The term sciatica describes the symptoms of leg pain—and possibly tingling, numbness or weakness—that originate in the lower back and travel through the buttock and down the large sciatic nerve in the back of each leg.
Warning Signs & Symptoms
Sciatica often is characterized by one or more of the following:
- Constant pain in only one side of the buttock or leg (rarely in both legs)
- Pain that is worse when sitting
- Leg pain that is often described as burning, tingling or searing, versus a dull ache
- Weakness, numbness or difficulty moving the leg, foot and/or toes
- A sharp pain that may make it difficult to stand or walk
- Pain that radiates down the leg and possibly into the foot and toes (it rarely occurs only in the foot)
Sciatic pain can vary from infrequent and irritating to constant and incapacitating. Symptoms usually are based on the location of the pinched nerve. While symptoms can be painful and potentially debilitating, it is rare that permanent damage will result. Spinal cord involvement is possible but rare.
Possible Risk Factors
Sciatica is not a medical diagnosis in and of itself; it is a symptom of an underlying medical condition. Common lower back problems that can cause sciatica symptoms include a lumbar herniated disc, degenerative disc disease, spondylolisthesis or spinal stenosis.
Tests to Diagnose Sciatica
During a physical exam, your doctor may check your muscle strength and reflexes. For example, you may be asked to walk on your toes or heels, rise from a squatting position and, while lying on your back, lift your legs one at a time. Pain that results from sciatica will usually worsen during these activities.
Your doctor may order:
- An X-ray of your spine to reveal any overgrowth of bone (bone spur) that may be pressing on a nerve
- An MRI, which uses a powerful magnet and radio waves to produce cross-sectional images of your back. An MRI produces detailed images of bone and soft tissues such as herniated disks. During the test, you lie on a table that moves into the MRI machine.
- A CT scan to view the spine. During the test, you may have a contrast dye injected into your spinal canal before the X-rays are taken. The dye then circulates around your spinal cord and spinal nerves, which appear white on the scan.
- An Electromyography (EMG) measures the electrical impulses produced by the nerves and the responses of your muscles. It can confirm nerve compression caused by herniated disks or narrowing of your spinal canal, called spinal stenosis.
Severe or ongoing flare-ups of sciatic nerve pain can be treated so they do not worsen over time. Nonsurgical remedies and regular exercise will go a long way toward relieving pain for most people. For others, when the pain is severe or does not get better on its own, a more structured treatment approach, and possibly surgery, may be the best option for finding relief and preventing or minimizing future pain and/or dysfunction.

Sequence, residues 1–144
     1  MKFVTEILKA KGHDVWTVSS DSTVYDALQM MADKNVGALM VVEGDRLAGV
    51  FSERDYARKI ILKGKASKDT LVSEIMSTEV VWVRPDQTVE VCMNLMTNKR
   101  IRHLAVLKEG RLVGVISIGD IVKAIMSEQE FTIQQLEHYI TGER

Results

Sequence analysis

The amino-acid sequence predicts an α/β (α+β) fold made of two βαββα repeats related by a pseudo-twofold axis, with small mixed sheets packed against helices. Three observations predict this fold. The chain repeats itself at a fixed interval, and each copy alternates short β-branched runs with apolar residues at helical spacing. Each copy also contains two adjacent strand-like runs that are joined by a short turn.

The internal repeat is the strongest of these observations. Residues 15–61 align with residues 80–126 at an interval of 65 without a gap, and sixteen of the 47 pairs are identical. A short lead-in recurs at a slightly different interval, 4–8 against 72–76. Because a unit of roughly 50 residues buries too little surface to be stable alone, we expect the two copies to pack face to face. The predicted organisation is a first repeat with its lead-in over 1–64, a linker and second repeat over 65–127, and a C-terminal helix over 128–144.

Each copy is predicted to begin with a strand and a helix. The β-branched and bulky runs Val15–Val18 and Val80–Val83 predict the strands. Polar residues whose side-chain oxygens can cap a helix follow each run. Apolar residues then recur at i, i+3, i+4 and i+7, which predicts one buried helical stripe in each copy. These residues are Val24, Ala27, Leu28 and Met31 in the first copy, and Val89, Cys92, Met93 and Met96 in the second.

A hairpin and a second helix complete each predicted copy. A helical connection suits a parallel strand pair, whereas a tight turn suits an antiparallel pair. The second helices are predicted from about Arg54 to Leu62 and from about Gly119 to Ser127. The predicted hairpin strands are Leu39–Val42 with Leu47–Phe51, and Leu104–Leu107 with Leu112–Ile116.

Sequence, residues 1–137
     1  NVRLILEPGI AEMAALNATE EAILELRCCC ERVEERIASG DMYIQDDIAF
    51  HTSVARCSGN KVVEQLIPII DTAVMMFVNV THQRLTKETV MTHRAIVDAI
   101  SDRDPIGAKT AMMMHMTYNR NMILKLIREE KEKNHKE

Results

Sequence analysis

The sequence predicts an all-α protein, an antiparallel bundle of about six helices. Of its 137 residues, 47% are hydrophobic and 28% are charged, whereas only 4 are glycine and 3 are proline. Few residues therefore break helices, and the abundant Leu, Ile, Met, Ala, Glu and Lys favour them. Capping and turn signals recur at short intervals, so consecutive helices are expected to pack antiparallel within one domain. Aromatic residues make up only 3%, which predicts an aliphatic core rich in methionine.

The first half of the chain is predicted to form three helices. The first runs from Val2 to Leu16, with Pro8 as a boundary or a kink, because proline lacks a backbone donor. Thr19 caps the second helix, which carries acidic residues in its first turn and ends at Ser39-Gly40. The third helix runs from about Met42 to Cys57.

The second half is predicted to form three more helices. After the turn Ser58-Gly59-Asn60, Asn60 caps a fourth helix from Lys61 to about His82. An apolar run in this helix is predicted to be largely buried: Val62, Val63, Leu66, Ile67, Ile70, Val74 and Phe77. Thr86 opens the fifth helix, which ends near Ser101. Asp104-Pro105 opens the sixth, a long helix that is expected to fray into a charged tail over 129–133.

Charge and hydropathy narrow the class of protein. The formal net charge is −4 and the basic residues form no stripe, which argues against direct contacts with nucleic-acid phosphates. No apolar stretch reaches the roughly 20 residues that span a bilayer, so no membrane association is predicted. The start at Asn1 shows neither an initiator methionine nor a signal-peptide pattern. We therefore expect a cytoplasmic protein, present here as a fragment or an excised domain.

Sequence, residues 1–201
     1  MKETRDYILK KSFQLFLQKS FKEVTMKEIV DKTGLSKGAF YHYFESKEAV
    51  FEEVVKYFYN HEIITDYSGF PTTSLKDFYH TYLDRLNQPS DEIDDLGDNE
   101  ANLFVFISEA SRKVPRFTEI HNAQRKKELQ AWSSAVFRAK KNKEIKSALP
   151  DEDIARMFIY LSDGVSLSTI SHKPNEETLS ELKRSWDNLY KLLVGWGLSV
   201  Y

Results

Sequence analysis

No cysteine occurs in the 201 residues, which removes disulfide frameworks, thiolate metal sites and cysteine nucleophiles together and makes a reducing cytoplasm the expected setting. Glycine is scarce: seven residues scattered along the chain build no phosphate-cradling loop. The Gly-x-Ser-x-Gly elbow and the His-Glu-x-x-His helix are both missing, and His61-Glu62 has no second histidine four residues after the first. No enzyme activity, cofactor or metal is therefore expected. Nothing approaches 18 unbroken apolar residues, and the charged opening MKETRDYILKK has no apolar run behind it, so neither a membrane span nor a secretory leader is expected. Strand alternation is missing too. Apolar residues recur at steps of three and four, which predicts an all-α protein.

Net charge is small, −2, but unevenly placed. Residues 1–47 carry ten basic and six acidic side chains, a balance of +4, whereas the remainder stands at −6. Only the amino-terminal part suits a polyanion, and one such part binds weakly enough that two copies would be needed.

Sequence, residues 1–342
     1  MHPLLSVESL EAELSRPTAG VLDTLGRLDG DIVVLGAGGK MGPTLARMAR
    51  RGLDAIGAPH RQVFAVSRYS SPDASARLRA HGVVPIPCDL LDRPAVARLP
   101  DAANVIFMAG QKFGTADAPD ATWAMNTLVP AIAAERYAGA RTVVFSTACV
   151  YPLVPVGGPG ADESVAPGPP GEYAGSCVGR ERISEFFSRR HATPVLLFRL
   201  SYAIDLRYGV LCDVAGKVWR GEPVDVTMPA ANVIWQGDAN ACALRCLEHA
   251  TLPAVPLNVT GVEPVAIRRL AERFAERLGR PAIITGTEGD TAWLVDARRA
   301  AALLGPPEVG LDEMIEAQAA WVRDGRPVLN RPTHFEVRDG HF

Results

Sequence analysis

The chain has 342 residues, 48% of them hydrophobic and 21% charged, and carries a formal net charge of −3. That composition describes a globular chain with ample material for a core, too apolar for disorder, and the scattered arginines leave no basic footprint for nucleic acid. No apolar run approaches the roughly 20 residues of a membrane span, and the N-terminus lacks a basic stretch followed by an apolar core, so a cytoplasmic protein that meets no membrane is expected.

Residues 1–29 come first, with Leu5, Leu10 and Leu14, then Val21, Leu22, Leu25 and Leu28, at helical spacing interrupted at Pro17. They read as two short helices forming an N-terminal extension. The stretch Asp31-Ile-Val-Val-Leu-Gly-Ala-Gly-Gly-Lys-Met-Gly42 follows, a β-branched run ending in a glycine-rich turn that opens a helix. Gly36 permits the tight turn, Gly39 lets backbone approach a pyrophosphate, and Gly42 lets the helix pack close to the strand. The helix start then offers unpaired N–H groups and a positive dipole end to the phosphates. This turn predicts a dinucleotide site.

One or more of the following nonsurgical treatments are usually recommended in conjunction with specific exercises:
- Usually ice or heat is applied for approximately 20 minutes and repeated every two hours. Most people use ice first, but some find more relief with heat. The two may be alternated. It is best to apply ice with a cloth or towel placed between the ice and skin to avoid an ice burn.
- Over-the-counter or prescription medications are often effective in reducing or relieving sciatica pain. Nonsteroidal anti-inflammatory drugs (such as ibuprofen or naproxen), or oral steroids can reduce the inflammation that is usually part of the cause of pain. Muscle relaxants or narcotic medications may also be prescribed for the short term (a few days and up to 2 weeks) to alleviate pain.
- If the pain is severe, an epidural steroid injection can reduce inflammation. Unlike oral medications, an injection goes directly into the painful area around the sciatic nerve to address the inflammation that may be causing pain. While the effects tend to be temporary and it does not work for everyone, an epidural steroid injection can be effective in relieving acute sciatic pain. Most importantly, it can provide sufficient relief to allow a patient to progress with a conditioning and exercise program.
In addition to standard medical treatments, several alternative treatments also have been shown to provide effective pain relief for many patients. Some of the more common forms of alternative care for sciatica include chiropractic manipulation, acupuncture, cognitive behavior therapy and massage therapy.
For most people, sciatica typically gets better on its own, and the healing process usually will only take a few days or weeks. The majority of episodes of sciatica pain subside within a 6- to 12-week time span. Following initial pain relief, a program of physical therapy and exercise should usually be pursued to alleviate pain and prevent or minimize any ongoing sciatic pain.
It’s not always possible to prevent sciatica, and the condition may recur. The key to preventing sciatica is to protect your back:
- If you stand for long periods of time, rest one foot on a stool or small box at times.
- When you lift something heavy, let your lower extremities do the work. Move straight up and down. Keep your back straight and bend only at the knees. Hold the object close to your body, and avoid lifting and twisting simultaneously. Have someone help if the object is heavy or awkward.
- To keep your back strong, pay attention to your core muscles, the muscles in your abdomen and lower back that enable proper posture and alignment. Ask your doctor to recommend specific exercises.
- Choose a seat with good lower back support, armrests and a twisting base. Consider putting a pillow or rolled towel in the small of your back to maintain its curve. Keep your knees and hips level.